Senate minority leader cautions Gore over choice of running mate
WASHINGTON (CNN) -- Senate Minority Leader Tom Daschle cautioned Al Gore's presidential campaign Thursday to be careful about picking a running mate from the Senate who comes from a state with a GOP governor as Senate Democrats grow more hopeful of recapturing the majority in the November election.
If Gore selects a member of the Senate as his running mate, that could put a Republican governor in a position to name a Republican to fill the Senate seat.
"What I said was that as they consider all the factors, I hope that one
of the factors will be who the governor is," Daschle, D-South Dakota, told CNN. "It shouldn't be the only factor, it doesn't have to be the predominant factor, but it really should be a factor in the mix."
Sen. Tom Daschle, D-South Dakota, cautions Vice President Gore that if he selects a member of the Senate as his running mate, that could put a Republican governor in a
position to name a Republican to fill the Senate seat.
As Gore decides who he will select as his running mate, speculation surrounds several Democratic senators, including John Kerry, of Massachusetts; Joe Lieberman, of Connecticut; Bob Graham, of Florida; and Sen. Richard Durbin, Illinois. All come from states with Republican governors.
Graham, who led the Democratic Senatorial Campaign Committee in 1994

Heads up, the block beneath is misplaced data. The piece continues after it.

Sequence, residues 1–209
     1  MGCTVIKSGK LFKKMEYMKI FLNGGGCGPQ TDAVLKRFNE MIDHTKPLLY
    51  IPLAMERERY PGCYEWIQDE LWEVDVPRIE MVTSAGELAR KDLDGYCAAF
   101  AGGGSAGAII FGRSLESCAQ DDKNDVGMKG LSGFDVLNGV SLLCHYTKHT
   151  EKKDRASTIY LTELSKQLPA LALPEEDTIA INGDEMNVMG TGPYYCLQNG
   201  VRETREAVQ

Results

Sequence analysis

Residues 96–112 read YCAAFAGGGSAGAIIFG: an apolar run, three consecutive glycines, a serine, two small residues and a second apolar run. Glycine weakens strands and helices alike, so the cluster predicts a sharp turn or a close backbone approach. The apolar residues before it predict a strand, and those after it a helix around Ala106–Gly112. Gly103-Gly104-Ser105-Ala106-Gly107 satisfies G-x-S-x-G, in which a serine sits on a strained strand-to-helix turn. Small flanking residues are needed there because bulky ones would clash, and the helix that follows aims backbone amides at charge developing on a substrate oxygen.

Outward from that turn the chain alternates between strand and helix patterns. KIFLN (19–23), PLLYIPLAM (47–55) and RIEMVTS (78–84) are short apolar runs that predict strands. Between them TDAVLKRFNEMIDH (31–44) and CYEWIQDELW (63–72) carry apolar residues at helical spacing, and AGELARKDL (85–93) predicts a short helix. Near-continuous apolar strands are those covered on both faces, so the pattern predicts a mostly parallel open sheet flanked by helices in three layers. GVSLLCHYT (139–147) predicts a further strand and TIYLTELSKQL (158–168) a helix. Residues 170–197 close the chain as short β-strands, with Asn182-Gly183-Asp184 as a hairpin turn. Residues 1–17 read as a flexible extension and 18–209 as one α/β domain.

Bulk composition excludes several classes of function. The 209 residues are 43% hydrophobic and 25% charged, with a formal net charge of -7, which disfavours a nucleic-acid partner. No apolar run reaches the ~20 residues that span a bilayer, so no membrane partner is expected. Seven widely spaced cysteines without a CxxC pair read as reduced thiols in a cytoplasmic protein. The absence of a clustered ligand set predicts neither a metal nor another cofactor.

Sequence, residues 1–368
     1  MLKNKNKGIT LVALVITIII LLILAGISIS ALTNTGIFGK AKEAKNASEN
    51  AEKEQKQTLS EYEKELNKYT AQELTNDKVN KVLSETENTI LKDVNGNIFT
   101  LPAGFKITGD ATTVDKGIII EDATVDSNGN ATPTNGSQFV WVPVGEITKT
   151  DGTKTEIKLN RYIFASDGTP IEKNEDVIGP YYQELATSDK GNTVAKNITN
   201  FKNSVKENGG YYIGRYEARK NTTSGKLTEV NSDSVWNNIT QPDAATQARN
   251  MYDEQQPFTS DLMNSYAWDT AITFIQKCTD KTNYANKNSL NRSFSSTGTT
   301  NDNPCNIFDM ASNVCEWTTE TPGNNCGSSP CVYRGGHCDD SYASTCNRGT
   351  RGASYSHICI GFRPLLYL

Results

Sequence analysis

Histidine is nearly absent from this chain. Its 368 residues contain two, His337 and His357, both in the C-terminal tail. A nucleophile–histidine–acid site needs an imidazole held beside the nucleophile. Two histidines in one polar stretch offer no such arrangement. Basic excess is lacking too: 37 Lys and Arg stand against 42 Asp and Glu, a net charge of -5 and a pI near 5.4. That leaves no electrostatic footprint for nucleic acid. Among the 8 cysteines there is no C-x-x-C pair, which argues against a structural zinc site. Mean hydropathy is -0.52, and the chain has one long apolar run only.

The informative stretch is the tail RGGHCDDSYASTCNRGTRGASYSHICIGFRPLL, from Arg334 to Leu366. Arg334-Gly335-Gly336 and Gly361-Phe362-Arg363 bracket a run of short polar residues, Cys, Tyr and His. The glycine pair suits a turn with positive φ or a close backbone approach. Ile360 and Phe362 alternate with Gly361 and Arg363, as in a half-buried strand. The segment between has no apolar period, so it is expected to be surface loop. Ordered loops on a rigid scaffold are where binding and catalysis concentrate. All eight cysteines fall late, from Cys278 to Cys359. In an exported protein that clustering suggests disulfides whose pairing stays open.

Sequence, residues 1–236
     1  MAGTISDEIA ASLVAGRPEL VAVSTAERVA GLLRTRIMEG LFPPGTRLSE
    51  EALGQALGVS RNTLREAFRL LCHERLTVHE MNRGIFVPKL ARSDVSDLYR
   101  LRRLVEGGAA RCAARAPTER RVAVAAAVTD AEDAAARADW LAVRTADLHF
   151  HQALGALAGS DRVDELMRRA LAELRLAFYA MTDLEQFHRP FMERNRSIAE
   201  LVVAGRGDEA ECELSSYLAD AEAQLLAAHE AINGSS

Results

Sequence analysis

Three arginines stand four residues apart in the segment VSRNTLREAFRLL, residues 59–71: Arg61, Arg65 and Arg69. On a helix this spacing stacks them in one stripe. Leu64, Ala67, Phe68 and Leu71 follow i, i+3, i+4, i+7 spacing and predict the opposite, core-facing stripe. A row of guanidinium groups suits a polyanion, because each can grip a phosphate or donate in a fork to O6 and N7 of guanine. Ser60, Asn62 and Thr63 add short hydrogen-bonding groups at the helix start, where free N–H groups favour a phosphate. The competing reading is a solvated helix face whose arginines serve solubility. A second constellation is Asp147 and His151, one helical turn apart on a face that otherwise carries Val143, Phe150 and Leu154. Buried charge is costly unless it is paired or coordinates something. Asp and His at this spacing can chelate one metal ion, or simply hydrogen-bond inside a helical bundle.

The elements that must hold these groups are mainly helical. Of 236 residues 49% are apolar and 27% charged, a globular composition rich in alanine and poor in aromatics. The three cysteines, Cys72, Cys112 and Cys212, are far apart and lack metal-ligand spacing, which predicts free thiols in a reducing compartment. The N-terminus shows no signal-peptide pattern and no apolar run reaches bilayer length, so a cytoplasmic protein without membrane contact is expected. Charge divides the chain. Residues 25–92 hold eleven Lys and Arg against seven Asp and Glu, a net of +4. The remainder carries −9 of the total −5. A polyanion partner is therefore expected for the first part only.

when the Democrats lost the majority, said of Daschle he can "feel his pain."
"It's a legitimate consideration. Tom has worked very hard at -- and I think
very effectively at -- getting the Democrats in a position to retake the majority
of the Senate. He's legitimately concerned with actions that might stand in the
way of achieving that objective," Graham told CNN.
Lieberman said he teased Daschle about the issue, joking, "My mother isn't
happy to hear that."
Other senators said to be in the running to be Gore's No. 2 man -- Evan Bayh, D-Indiana., and John Edwards, D-North Carolina -- both come from states with Democrats in the governor's mansion.
Senate Democrats picked up a seat Wednesday as former Gov. Zell
Miller of Georgia was sworn-in to replace Republican Paul Coverdell, who died
last week of a cerebral hemorrhage.
The political landscape of Congress and the White House was the subject of
a Senate Democratic luncheon Thursday attended by Gore campaign chairman Bill Daley, adviser Bob Shrum and strategist James Carville. Senators said the lunch was intended to give a "lay of the land" as they go home for their month-long summer recess.
One senator said much of the discussion surrounded whether Dick Cheney
will help or hurt Gore and the Democrats.
"The consensus was it helps. Carville told us it was '70 percent
relief, 30 percent glee' for the Democrats," one senator said.
The senator said when Sen. Max Cleland, D-Georgia., asked who Gore's vice
presidential running mate should be, Carville replied: "In this room? I'm not
going to answer that question."